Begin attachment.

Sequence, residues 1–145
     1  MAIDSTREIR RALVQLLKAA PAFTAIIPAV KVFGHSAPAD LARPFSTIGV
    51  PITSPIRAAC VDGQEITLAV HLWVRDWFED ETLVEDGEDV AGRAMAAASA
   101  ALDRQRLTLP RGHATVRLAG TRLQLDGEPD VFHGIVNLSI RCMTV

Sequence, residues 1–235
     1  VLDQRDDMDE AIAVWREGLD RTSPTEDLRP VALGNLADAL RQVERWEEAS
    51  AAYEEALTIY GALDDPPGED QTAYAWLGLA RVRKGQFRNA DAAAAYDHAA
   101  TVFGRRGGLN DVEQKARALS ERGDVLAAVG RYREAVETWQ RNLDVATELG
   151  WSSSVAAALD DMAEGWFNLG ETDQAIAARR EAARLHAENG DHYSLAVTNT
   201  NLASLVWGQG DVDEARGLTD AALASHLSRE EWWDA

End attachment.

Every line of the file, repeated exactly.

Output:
Sequence, residues 1–145
     1  MAIDSTREIR RALVQLLKAA PAFTAIIPAV KVFGHSAPAD LARPFSTIGV
    51  PITSPIRAAC VDGQEITLAV HLWVRDWFED ETLVEDGEDV AGRAMAAASA
   101  ALDRQRLTLP RGHATVRLAG TRLQLDGEPD VFHGIVNLSI RCMTV

Sequence, residues 1–235
     1  VLDQRDDMDE AIAVWREGLD RTSPTEDLRP VALGNLADAL RQVERWEEAS
    51  AAYEEALTIY GALDDPPGED QTAYAWLGLA RVRKGQFRNA DAAAAYDHAA
   101  TVFGRRGGLN DVEQKARALS ERGDVLAAVG RYREAVETWQ RNLDVATELG
   151  WSSSVAAALD DMAEGWFNLG ETDQAIAARR EAARLHAENG DHYSLAVTNT
   201  NLASLVWGQG DVDEARGLTD AALASHLSRE EWWDA